Draw, Podnah!

I’m having some new kinds of fun, y’all. Several of you have inquired about my media and techniques in some of the more recent illustrations and images here, and it’s technology that’s getting me revved up these days. Who knew? I’m so dull-witted in electronic terms and yet here I am having a heyday with my new techie toys.

My dearest bought me a an iPad Air in January. I uploaded a handful of free drawing/art programs right away and have been playing with them all since. It’s fun to see what each offers in terms of virtual tools and media and techniques, how I can use them individually, what can be done by moving an image from one program to another in order to further manipulate it and alter its dependence on the potential of the first program in which it was developed. If that makes sense.

I am a newbie at this stuff. It’s kind of amazing to think that some of the early adopters have been at least beta testing this kind of thing for several decades already; me, I’m nearly always well behind the curve. But I’m having a great time drawing curves and any other thing I can think of at the moment as I get underway and strive to catch up a little.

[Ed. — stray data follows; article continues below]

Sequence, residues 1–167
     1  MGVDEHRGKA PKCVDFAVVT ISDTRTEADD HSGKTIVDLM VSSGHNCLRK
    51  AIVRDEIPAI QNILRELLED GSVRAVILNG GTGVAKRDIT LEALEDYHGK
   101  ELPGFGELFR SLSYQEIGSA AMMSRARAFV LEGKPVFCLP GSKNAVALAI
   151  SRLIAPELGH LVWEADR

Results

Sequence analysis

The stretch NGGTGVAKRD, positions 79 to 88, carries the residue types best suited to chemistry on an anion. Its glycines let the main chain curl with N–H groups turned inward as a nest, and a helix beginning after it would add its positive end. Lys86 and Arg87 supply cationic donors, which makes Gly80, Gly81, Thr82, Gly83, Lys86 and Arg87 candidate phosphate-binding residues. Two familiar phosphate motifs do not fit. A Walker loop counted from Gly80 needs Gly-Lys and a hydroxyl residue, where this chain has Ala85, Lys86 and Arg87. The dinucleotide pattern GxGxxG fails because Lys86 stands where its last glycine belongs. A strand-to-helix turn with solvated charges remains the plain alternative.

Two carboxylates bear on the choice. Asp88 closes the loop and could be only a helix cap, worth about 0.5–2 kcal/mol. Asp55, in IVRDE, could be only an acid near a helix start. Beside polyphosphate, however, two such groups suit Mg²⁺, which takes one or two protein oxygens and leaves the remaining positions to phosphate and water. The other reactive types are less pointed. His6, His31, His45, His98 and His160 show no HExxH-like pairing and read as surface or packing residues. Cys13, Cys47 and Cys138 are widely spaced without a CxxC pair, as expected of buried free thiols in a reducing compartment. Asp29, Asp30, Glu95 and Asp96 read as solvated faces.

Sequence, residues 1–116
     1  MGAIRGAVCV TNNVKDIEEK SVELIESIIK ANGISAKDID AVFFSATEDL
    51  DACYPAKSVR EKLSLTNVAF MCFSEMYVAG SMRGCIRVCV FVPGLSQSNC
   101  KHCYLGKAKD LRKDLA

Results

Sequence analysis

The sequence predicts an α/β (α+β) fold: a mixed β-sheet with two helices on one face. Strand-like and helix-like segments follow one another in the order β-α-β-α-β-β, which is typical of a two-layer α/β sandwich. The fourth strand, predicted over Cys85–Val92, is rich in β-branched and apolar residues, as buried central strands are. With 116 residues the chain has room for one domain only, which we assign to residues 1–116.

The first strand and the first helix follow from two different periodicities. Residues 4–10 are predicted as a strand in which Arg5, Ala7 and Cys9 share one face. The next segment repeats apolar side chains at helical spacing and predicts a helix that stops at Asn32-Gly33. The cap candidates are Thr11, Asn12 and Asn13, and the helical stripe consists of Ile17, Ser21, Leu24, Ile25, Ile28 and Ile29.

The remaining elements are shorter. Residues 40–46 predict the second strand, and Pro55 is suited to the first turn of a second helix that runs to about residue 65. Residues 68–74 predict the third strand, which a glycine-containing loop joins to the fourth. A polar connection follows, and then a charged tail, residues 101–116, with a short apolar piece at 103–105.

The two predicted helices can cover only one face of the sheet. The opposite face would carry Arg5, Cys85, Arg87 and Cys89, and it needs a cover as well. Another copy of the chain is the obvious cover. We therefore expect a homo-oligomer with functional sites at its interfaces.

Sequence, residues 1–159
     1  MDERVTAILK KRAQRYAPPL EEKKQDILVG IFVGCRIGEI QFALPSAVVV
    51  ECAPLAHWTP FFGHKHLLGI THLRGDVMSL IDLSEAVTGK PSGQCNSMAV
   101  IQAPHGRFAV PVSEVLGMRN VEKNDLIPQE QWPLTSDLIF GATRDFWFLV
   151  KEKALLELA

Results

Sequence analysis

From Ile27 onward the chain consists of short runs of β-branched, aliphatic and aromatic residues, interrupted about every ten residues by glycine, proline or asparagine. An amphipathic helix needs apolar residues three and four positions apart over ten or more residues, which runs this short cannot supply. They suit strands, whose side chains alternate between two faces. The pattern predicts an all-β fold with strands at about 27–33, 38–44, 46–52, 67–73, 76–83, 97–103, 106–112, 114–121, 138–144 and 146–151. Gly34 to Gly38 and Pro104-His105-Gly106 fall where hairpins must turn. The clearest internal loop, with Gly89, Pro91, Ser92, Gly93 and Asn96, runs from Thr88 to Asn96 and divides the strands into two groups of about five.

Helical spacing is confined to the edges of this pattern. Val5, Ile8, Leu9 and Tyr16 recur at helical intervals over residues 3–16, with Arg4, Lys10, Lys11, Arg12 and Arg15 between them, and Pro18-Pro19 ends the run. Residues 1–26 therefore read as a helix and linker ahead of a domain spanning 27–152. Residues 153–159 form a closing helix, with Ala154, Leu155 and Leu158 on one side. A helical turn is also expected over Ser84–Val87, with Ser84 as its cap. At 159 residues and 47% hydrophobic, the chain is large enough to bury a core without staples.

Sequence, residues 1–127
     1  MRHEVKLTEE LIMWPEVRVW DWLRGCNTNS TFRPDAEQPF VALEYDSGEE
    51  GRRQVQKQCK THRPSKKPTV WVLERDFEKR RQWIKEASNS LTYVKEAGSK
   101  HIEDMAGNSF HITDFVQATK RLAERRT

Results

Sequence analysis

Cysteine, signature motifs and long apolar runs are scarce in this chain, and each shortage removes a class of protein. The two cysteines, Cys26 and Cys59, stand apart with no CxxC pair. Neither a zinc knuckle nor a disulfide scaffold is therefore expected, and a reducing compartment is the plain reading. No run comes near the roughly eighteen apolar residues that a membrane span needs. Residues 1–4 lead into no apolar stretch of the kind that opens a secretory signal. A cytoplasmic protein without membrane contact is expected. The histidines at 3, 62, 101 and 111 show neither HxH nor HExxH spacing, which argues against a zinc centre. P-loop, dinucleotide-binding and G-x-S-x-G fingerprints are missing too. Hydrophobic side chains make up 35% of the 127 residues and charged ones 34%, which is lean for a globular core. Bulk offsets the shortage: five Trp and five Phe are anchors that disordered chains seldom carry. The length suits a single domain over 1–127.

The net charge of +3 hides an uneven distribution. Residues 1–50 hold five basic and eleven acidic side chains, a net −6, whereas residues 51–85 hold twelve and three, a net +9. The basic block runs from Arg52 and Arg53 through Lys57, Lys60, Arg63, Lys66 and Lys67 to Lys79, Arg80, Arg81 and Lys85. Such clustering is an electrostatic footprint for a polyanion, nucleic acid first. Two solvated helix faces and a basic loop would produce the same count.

Certainly one of the aspects of this techno-approach to drawing, painting or whatever one ought to call it is its wonderful malleability. I love that I can not only delete and erase marks without too much fuss and mess with my virtual erasers but also by removing entire layers. Even better is the ability to trade the order and placement of layers, so that I can begin with the top, outlined image and, like a kid with a coloring book, fill in the shapes and blanks with all sorts of color and texture, then move the layers around until I go from the upside-down or inside-out look of such operations to something that is closer to my original intent.

Best of all is that I am finding that digital media are just as serendipitous and cagey as concrete media: I’m just as unlikely to know from the beginning what the end result of my noodling and doodling is going to look like or what the final image(s) will be as I ever was when sitting down with pencil and paper. I don’t expect I’ll give up concrete media either, for that matter, because sometimes one just has to get grubby with silvery-grey graphite dust from elbow to fingertips in order to feel that Art is being made, but it sure does make it fun to gallop around this new frontier of mine with stylus in hand, too.digital illustration

21 thoughts on “Draw, Podnah!

    • Oh, typing on one is *hard*! I can’t tell you how much difference a stylus makes in my ability to do any kind of work on the iPad (including typing); I’d bet you might find an enormous amount of freedom in playing with the kind of tools I have right now, even if you don’t particularly like drawing/painting and that sort of thing. What it’s also very handy for is photo editing and manipulation, so that might well be a plus for you. In any case, every jot of progress I make reinforces my clarity on just how much I *don’t* yet know. πŸ˜€